They commission’s handling of the high-profile case of former Gov. John Kitzhaber and first lady Cylvia Hayes exemplified this independence, auditors wrote. In 2018, staffers for the commission determined that Kitzhaber likely violated state ethics laws, including the prohibition against officials using their positions for personal gain, when he insisted that Hayes be allowed to influence state policies and gain access to high-level meetings. Commissioners agreed . Private groups paid the former first lady more than $200,000 to promote green energy and economic policies and commissioners also found she violated state ethics laws. At $2.9 million, the ethics commission’s two-year budget is look at here now tiny by state agency standards. Auditors said the Ethics Commission’s nine-person staff has only two investigators and no control over the number of ethics complaints they receive, so the state’s tight 30-day limit on preliminary investigations is problematic. Complaints are confidential during the preliminary investigation, which is supposed to give investigators an opportunity to determine if there is enough information to warrant a full investigation. When overloaded investigators cannot get answers to crucial questions in the 30-day window, the Ethics Commission is forced to decide whether to dismiss a potential valid complaint or proceed to a full investigation which could incorrectly signal to the public that there’s more evidence of an official’s potential wrongdoing than actually exists, auditors wrote. Ron Bersin, executive director of the Oregon Government Ethics Commission, agreed with a number of the auditors’ recommendations and said the commission is neutral on others that would require legislation because Gov. Kate Brown has final say over whether to pursue such legislation. Changes that would require changes in state law include requiring school board members to file statements of economic interest, requiring public employees to go through ethics training or demonstrate knowledge of state ethics laws upon hiring and allowing anonymous or confidential ethics complaints. Auditors also recommended state laws be changed to limit the governor’s ability to remove an ethics commissioner, for example by requiring just cause, and to extend commissioners’ terms beyond four years or allow them to serve more than one term in order to retain some knowledge of state ethics laws. They suggested the Legislature authorize the Ethics Commission to hire its own independent lawyer so it would no longer have to rely on the Oregon Department of Justice for legal advice, since that agency’s employees are among the public officials subject to the commission’s oversight. Lawmakers could also propose any of those changes. Bersin noted that the Ethics Commission and governor already have a bill to extend the time investigators can spend on preliminary ethics inquiries from 30 to 60 days and the Senate passed it on a bipartisan vote in April. Senate Bill 60 is now in the House Rules Committee, where it has not been scheduled for a vote. Bersin agreed with all of auditors’ recommendations that would clearly not require changes to state law, including that the Ethics Commission should regularly produce a newsletter and use social media to inform the public about the commission’s case decisions, how to file a complaint, lobbying disclosures and other information. The ethics commission had already published two quarterly ethics newsletters by the time auditors finalized their report, Bersin wrote. Auditors noted that Oregon has the second lowest rate in the country of corruption convictions per 100,000 residents. “However, it is not clear whether Oregon’s corruption rate is low because corruption is not happening or because it is not being uncovered and properly investigated,” auditors wrote.https://www.bendbulletin.com/localstate/state/audit-oregon-should-boost-ethics-officials-independence-anti-corruption-measures/article_0fd045a0-86c4-504d-becd-0ab8010ba961.html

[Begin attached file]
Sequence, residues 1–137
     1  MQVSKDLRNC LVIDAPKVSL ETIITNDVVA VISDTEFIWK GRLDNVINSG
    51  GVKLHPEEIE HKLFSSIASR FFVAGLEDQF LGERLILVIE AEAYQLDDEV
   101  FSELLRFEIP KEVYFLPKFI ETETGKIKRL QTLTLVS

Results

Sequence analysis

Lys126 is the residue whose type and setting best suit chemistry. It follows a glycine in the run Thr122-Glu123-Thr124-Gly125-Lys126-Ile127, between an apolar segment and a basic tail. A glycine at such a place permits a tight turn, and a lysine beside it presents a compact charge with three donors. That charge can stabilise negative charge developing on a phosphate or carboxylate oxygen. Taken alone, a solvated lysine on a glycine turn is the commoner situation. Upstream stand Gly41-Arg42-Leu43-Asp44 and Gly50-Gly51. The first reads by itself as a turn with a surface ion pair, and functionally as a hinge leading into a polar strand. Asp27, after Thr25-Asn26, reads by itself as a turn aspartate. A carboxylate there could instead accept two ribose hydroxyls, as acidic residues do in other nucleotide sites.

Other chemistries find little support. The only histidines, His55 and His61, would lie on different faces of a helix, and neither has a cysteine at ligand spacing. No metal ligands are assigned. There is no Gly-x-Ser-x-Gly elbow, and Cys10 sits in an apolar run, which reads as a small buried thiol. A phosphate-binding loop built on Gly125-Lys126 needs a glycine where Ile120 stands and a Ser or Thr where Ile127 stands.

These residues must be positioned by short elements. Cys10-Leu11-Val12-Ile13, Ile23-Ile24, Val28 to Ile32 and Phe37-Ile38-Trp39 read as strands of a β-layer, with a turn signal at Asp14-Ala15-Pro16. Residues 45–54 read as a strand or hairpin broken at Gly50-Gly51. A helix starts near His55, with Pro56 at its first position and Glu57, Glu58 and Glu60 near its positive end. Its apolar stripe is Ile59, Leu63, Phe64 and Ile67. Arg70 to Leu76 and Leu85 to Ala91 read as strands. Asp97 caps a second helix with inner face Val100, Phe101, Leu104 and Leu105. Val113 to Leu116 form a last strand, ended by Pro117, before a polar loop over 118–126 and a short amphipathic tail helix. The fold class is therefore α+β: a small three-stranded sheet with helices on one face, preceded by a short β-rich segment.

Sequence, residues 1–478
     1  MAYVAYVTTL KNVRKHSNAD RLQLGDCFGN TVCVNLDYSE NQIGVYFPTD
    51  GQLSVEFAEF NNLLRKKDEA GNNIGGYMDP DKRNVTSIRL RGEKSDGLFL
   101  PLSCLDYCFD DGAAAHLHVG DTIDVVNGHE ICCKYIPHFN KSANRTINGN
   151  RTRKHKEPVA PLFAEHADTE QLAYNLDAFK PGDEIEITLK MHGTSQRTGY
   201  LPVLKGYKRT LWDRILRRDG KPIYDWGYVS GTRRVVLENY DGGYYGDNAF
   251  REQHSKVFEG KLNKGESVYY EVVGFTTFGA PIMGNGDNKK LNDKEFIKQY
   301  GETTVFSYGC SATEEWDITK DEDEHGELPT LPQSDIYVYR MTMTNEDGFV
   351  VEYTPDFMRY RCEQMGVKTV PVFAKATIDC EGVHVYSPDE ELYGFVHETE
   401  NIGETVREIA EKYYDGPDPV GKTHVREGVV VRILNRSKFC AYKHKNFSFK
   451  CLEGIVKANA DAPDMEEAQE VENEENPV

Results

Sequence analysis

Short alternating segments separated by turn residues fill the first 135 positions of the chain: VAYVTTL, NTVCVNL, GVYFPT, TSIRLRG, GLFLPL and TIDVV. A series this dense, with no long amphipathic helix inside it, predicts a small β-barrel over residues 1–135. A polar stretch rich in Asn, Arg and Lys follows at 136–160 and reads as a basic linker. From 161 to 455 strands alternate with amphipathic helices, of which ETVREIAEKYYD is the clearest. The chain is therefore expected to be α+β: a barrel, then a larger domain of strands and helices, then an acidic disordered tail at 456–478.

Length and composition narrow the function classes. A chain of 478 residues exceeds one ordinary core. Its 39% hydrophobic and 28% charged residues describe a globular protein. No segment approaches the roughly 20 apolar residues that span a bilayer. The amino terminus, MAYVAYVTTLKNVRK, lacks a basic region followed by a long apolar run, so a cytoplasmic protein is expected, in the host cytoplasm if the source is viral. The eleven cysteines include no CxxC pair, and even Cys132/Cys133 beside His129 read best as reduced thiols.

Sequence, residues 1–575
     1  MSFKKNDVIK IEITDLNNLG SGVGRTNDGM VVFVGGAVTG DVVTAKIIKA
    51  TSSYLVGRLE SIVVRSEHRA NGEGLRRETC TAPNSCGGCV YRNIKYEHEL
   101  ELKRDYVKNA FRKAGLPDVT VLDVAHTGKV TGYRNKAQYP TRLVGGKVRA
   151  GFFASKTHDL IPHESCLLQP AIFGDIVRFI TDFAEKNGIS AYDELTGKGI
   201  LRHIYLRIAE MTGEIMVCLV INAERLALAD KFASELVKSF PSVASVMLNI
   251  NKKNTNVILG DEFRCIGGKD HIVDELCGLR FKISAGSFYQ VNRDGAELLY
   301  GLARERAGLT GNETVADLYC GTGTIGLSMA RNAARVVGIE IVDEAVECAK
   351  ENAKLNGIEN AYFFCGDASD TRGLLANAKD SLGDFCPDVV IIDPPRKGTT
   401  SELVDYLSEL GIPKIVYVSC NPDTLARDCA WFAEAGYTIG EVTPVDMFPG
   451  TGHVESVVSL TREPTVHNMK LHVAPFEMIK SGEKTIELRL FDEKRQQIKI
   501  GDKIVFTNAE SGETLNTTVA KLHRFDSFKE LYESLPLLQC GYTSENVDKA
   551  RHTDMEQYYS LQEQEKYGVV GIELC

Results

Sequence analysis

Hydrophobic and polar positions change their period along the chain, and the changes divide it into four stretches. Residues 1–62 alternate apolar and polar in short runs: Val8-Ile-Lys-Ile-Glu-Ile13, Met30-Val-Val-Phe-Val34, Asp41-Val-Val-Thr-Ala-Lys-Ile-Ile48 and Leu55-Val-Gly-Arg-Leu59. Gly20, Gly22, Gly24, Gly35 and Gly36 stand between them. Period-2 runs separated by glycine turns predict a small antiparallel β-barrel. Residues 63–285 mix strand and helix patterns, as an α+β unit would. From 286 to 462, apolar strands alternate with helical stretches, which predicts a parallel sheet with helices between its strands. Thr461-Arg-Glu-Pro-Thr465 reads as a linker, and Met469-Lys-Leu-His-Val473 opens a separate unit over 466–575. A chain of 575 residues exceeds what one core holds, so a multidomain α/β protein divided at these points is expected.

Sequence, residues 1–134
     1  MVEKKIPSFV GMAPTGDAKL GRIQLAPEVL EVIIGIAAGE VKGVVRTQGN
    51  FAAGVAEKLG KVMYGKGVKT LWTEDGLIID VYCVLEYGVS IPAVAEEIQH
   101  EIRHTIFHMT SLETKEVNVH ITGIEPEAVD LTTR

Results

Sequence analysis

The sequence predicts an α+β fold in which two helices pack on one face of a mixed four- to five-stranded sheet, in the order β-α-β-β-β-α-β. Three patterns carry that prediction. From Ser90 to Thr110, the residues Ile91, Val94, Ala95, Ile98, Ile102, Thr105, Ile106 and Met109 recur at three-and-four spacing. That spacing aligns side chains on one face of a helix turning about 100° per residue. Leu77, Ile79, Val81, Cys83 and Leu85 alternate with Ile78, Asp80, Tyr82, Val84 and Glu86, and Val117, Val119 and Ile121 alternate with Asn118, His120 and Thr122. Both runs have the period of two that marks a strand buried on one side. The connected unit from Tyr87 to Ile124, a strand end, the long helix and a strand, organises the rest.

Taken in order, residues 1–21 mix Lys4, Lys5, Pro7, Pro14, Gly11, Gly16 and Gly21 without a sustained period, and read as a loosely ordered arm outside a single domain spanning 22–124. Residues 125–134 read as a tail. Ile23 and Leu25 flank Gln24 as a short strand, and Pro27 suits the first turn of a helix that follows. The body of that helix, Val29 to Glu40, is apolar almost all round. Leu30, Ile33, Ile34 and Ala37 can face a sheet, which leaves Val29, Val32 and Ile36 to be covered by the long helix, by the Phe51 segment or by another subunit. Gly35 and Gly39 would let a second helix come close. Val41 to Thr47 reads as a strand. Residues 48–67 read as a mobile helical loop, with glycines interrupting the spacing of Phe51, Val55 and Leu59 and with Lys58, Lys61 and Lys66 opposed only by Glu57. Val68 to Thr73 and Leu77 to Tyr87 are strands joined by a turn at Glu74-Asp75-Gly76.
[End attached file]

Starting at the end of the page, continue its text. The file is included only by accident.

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United Kingdom British Airways owner IAG expects travel recovery from July British Airways owner IAG (ICAG.L) is confident travel will recover from July onwards after forecasting only a minimal increase in its capacity to 25% for the April to June quarter. IAG, which also owns Iberia and Vueling in Spain and Aer Lingus in Ireland, declined to forecast how much it would fly from July but said the recovery would be properly underway by then after more than a year of pandemic restrictions. "We consider in the second half that we are going to be flying and we are prepared for that," IAG Chief Executive Luis Gallego told reporters on Friday after the company posted a loss of 1.14 billion euros ($1.4 billion) in the first quarter. Before July, however, Gallego said government action was needed on some issues, such as opening travel corridors between countries with high vaccination rates, including the United Kingdom and the United States. The rise to 25% of pre-pandemic capacity puts IAG's plans behind those of rival airlines, and is only a marginal increase from the 19.6% it flew in the first three months of 2021. Britain, which along with Spain is one of IAG's main markets, is set to publish later on Friday its "green list" of low risk places where people can travel without needing to quarantine on their return. read more Gallego said IAG was expecting only a small list of countries initially with more being added from June onwards. A British Airways plane taxis past tail fins of parked aircraft near Terminal 5 at Heathrow Airport in London, Britain, March 14, 2020. REUTERS/Simon Dawson "Part of the reason we're not giving guidance (for third-quarter capacity) is simply because we don't know what's on the green list yet," Chief Financial Officer Steve Gunning said. Air France-KLM (AIRF.PA) expects to operate 50% of its pre-pandemic flight capacity in the second quarter, picking up to 55% to 65% in July-September. Lufthansa expects to fly at about 40% of its pre-pandemic capacity for 2021 as a whole. read more IAG's first-quarter operating loss before exceptional items of 1.14 billion euros was slightly better than the 1.17 billion euro loss forecast by analysts. Shares in the company, which have risen 30% since the beginning of the year, traded up 0.7%. "The company delivered a solid set of results and is pointing to the start of the recovery into the summer," Goodbody analyst Mark Simpson said. Given the ongoing uncertainty over COVID-19, IAG said it could not provide a profit outlook for 2021.https://www.reuters.com/world/uk/british-airways-owner-iag-posts-114-bln-euro-q1-loss-2021-05-07/